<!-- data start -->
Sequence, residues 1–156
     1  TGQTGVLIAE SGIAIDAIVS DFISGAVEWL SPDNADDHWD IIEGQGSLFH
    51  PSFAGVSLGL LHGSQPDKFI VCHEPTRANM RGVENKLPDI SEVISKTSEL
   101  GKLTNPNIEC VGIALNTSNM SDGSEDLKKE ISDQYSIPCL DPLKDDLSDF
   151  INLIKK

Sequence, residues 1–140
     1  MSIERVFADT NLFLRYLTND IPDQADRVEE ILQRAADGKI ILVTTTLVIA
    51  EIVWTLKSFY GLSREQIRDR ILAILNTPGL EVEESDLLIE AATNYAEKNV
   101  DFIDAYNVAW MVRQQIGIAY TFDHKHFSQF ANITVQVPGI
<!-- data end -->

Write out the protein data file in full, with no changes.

Sequence, residues 1–156
     1  TGQTGVLIAE SGIAIDAIVS DFISGAVEWL SPDNADDHWD IIEGQGSLFH
    51  PSFAGVSLGL LHGSQPDKFI VCHEPTRANM RGVENKLPDI SEVISKTSEL
   101  GKLTNPNIEC VGIALNTSNM SDGSEDLKKE ISDQYSIPCL DPLKDDLSDF
   151  INLIKK

Sequence, residues 1–140
     1  MSIERVFADT NLFLRYLTND IPDQADRVEE ILQRAADGKI ILVTTTLVIA
    51  EIVWTLKSFY GLSREQIRDR ILAILNTPGL EVEESDLLIE AATNYAEKNV
   101  DFIDAYNVAW MVRQQIGIAY TFDHKHFSQF ANITVQVPGI